- Nestle is reportedly launching a review to consolidate its North American advertising business from eight to only four to six agencies, multiple anonymous sources confirmed to Adweek in a report. It wouldn't be the company's first considerable trim in recent years: it reduced the number of digital agency partners it works with from 20 to eight in 2014.
- The latest review includes creative and digital for some of Nestle's largest brands, including in prepared foods. Details of the scope of the review were unavailable, but Adweek said it's to be procurement driven, with an external audit instead of creative pitches. Sources told Adweek that WPP may be a winner in the review. The ad giant's former CEO Martin Sorrell, who recently stepped down, reportedly had close relations with Nestle leadership. GroupM, a WPP shop, also won Nestle's U.S. media account in a review in 2013.
- Nestle works with several independent and holding company-owned agencies in North America, including McCann and its Hispanic marketing division Casanova, J. Walter Thompson, Leo Burnett, Grey, Ogilvy, FCB, Doner, Reach and Deep Focus, but it's unclear which agencies will go under review. Nestle spent $633.4 million on paid media in the U.S. in 2017, according to Kantar Media data cited by Adweek.
Nestle moving to further consolidate its ad business after an already considerable cut back just four years ago points to how large corporations, particularly in high-spending categories like packaged goods, are continuing to rethink their existing marketing structures, namely by peeling back budgets. Nestle's decision is primarily a cost-saving measure, as Adweek notes, but other motivators could include a desire for transparency, more control over creative, quicker responses to consumers' needs and adapting to digital disruption.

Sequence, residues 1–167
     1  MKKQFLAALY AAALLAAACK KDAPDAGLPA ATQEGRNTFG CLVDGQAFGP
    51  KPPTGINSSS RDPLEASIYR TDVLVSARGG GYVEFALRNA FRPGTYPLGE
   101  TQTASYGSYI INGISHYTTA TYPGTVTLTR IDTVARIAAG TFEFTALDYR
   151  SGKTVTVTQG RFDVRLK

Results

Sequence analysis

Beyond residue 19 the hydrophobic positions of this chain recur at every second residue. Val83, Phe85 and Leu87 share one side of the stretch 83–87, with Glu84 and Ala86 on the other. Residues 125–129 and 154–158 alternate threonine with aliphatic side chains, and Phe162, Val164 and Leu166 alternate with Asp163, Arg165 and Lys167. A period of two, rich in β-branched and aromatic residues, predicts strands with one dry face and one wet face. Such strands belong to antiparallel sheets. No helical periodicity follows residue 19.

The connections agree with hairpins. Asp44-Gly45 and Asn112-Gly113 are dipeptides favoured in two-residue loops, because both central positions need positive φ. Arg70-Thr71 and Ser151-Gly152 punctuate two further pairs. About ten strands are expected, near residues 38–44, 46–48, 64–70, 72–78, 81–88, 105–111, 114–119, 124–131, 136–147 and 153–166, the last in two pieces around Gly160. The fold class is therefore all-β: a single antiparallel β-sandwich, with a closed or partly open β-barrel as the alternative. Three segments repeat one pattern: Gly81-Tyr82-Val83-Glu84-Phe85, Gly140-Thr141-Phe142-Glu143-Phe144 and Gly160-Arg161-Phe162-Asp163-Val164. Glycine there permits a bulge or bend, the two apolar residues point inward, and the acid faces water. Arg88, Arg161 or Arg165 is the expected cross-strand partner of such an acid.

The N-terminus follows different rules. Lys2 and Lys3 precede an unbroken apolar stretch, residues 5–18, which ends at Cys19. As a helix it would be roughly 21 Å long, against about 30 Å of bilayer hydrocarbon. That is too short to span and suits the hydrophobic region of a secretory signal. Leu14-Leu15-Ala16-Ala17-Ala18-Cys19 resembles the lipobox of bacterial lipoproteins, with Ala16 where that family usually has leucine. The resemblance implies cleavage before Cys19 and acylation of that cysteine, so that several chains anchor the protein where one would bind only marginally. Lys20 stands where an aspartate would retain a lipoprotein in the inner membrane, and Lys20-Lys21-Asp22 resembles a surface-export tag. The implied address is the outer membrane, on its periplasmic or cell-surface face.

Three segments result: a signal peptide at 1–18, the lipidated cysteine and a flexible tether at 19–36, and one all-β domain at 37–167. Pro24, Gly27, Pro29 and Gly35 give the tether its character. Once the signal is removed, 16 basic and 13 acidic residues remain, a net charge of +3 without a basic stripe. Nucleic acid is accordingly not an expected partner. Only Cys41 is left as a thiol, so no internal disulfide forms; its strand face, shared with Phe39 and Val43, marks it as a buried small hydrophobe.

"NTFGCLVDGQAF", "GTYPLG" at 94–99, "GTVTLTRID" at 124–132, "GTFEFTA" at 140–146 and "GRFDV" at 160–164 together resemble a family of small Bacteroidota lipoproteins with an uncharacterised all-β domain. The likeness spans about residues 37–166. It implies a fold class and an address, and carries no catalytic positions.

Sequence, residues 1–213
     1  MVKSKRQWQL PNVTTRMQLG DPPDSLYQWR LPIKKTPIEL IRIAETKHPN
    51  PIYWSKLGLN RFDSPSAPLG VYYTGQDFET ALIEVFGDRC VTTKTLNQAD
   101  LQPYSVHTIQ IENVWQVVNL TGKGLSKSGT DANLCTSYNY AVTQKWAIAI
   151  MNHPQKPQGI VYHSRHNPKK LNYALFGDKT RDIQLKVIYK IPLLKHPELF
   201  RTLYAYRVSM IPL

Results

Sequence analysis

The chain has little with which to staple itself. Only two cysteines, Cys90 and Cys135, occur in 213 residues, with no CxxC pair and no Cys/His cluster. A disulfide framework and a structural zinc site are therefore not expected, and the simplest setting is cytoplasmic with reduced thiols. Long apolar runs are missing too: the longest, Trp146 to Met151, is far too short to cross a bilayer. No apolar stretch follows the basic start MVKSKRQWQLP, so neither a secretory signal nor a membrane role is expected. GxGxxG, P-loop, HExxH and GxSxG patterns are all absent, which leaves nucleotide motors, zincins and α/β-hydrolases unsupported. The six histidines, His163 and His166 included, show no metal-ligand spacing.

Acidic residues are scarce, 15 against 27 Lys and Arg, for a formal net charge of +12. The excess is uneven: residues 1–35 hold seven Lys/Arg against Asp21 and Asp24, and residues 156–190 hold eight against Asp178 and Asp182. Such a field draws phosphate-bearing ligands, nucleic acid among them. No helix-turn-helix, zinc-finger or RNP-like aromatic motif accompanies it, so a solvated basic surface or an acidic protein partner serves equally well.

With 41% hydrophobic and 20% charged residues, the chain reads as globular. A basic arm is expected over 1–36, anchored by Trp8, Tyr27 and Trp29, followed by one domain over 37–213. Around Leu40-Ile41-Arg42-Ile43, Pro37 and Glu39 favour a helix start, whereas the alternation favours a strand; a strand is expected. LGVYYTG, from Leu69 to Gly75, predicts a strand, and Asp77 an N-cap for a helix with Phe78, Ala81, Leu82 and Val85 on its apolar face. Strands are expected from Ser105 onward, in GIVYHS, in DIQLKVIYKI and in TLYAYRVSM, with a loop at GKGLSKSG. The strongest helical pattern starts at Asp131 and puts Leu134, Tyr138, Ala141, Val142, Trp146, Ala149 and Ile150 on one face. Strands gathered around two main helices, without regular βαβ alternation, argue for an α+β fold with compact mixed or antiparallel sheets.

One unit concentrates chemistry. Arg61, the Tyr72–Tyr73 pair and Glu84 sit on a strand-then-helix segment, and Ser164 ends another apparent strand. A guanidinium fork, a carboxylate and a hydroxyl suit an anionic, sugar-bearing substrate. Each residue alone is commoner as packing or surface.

The advertising landscape — and agencies, in particular — are facing some serious existential crises as traditional CPG marketers continue to streamline ad operations and shrink their agency relationships. The telecom Sky, for example, overtook Procter & Gamble in the U.K. in ad spending on traditional media in 2017, according to Nielsen data cited in The Drum. Spending dropped 3.5% on TV, radio, direct mail and other formats.
P&G, like Nestle, is significantly consolidating how it handles its ad operations, and plans to reduce the number of its agencies it works with by 50% over the next several years with an eye toward saving $400 million. The CPG giant has already reduced the number of agencies it uses by 60%, and previously said it's saved $750 million in agency and productions costs.